Defenders and critics of bullfighting took to the streets of a southwestern city of France on Saturday, days ahead of a vote in parliament on whether to ban the practice, on the grounds that it’s cruel to animals.
On Thursday, French members of parliament will vote on banning bullfighting. They will approve or reject a bill that will make bullfighting shows, a popular event in much of France’s southwest, illegal.
Member of Parliament Aymeric Caron from the political party La France Insoumise proposed the bullfighting ban. He condemned the “barbarism” of the tradition and “the hypocritical ceremony in which an animal that is supposedly honoured is massacred with a precision and refinement that is borderline sadism.”
Caron has proposed altering an existing law that punishes cruelty to animals by removing exemptions for bullfights when they’re “local traditions.”
These animal cruelty exemptions are granted in towns such as Bayonne, Mont-de-Marsan, Arles, Beziers and Nimes.
In Bayonne, near the French-Spanish border, pro-bullfighting demonstrators on Saturday wore bullfighter capes and pushed bull-shaped carts to defend the “tradition.”
“We’re bullfighting enthusiasts. We’ve been enthusiasts since we were little. It (bullfighting) is a family tradition. And it’s also a significant local economy, it’s part of our quality of life, and so we’re defending this ideology,” Georges Lecloux, president of the Cote Basque Bullfighting Association, said.
“We know and accept the fact that at the end of life, there’s always death. Instead of hiding it, we make it a ritual, and a man equipped with a cape puts his life at risk to celebrate the sacrificial act,” bull ranch owner Olivier Martin told news agency Reuters.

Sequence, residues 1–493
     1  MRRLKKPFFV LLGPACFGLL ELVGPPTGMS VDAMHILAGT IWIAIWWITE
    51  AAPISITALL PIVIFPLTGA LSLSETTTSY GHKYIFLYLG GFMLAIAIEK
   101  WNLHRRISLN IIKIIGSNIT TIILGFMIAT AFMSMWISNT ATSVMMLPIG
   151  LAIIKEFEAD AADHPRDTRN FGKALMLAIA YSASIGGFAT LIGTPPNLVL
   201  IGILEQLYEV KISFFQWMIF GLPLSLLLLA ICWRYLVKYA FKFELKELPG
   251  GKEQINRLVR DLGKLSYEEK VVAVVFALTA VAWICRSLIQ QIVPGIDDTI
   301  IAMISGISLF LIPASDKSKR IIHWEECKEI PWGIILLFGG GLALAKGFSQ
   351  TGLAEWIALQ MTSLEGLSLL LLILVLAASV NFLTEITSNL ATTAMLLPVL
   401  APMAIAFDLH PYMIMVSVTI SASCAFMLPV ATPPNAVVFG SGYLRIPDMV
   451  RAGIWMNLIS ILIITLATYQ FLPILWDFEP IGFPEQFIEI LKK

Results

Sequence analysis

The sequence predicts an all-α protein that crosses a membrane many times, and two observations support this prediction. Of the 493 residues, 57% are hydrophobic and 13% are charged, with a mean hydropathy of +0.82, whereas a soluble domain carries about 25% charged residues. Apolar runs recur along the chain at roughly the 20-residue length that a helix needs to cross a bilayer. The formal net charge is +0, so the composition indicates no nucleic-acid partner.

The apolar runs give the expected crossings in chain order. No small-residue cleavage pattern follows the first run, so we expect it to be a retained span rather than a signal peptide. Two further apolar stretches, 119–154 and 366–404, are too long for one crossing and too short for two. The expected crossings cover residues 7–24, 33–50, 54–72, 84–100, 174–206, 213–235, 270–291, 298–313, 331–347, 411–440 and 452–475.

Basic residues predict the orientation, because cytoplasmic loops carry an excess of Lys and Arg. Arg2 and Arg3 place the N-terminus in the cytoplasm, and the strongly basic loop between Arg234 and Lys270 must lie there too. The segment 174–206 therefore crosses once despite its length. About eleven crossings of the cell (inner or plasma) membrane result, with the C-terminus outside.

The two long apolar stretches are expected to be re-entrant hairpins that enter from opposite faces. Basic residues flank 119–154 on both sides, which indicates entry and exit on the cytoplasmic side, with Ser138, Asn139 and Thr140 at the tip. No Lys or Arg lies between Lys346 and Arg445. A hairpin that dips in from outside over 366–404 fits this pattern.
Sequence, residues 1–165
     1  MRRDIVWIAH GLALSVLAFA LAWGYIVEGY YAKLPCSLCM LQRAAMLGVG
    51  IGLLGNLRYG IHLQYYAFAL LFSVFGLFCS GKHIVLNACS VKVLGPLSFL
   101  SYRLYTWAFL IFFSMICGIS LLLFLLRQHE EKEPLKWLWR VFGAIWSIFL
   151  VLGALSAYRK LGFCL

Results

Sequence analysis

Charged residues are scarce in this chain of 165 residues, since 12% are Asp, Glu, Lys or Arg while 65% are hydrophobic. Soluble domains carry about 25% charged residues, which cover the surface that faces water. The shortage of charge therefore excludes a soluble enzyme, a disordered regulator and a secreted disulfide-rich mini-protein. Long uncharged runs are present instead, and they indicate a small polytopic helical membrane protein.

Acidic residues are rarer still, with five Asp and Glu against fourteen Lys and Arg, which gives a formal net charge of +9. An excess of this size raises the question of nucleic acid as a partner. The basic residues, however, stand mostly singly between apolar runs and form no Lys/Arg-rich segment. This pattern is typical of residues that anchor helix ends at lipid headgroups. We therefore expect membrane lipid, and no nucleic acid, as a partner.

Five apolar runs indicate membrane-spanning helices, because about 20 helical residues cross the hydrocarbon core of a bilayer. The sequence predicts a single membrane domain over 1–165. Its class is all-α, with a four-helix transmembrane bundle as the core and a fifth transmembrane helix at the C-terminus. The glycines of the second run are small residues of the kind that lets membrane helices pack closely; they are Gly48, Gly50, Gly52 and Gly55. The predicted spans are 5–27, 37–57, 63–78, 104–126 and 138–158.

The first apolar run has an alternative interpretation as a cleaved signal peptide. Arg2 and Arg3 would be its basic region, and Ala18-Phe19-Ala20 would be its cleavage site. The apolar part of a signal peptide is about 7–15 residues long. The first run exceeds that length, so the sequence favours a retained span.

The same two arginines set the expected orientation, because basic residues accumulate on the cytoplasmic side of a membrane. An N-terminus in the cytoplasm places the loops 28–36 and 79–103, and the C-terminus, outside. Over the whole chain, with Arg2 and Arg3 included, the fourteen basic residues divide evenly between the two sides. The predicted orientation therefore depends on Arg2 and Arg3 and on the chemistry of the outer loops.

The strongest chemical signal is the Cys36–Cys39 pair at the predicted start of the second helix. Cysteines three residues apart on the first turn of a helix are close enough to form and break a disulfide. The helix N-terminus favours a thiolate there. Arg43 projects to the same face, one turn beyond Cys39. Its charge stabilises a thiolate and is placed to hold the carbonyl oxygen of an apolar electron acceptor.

“The MP Caron, in a very moralizing tone, wants to explain to us, from Paris, what is good or bad in the south,” the mayor of Mont-de-Marsan, Charles Dayot, told news agency AFP.
Elsewhere in the city, anti-bullfighting protesters were chanting and holding up signs pushing to end the cruel shows.
“We encourage them to do so (approve bullfighting ban), since if they (the Members of Parliament) really are supposed to represent the population, the people, if we believe the polls, 60% to 85% of them favour this ban. So, do your job, lawmakers,” anti-bullfighting protestor Nicolas said.
According to the latest French Institute of Public Opinion (IFOP) survey performed in February 2022, 77% of French people are in favour of a bullfighting ban.
“This is a societal debate that goes beyond individual choices. A large majority of our fellow citizens oppose bullfighting,” Tiphanie Senmartin-Laurent, a member of the French political party Parti Animaliste, said.
“Torture is not a show. It’s so sad to see that some elected officials hang on to what they call a tradition, one that’s not ours and which should be forbidden in France as a serious mistreatment of animals, punishable with five years in prison and 75,000 euros in fines,” she added.
The issue has divided the ruling coalition of President Emmanuel Macron and the main opposition party, the National Rally, led by Marine Le Pen.
When she ran for president earlier this year, Le Pen made animal welfare a crucial part of her campaign, pledging to give animals a constitutional status and emphasizing that unwanted “mistreatment of animals was intolerable in our society.” She has proposed limiting bullfighting to audiences over 18 years old.
Despite broad public support, most experts predict the bid to fail as most Members of Parliament (MPs) fear a backlash in farming areas and bullfighting heartlands.
Macron’s government has advised ruling party MPs to vote against the law on Thursday, fearing it will deepen the rural-urban gap and anti-Paris sentiment in many provincial areas.
Legal attempts to ban bullfighting have frequently failed in France, with courts routinely rejecting lawsuits filed by animal rights activists, most recently in Nimes in July 2021.
If the bullfighting ban is approved in the lower house, the draft legislation would still be difficult to pass in the conservative-dominated Senate.
The debate in France that pitches animal rights defenders against traditionalists is also seen in other countries where bullfighting is still allowed, like Spain, Portugal, Venezuela, Mexico and Colombia.
A judge in Mexico City in June ordered an indefinite halt of bullfighting in the capital’s historic bullring, Plaza de Toros, the largest in the world.
The proposed French law would also ban cock-fighting which is allowed in some areas in northern France.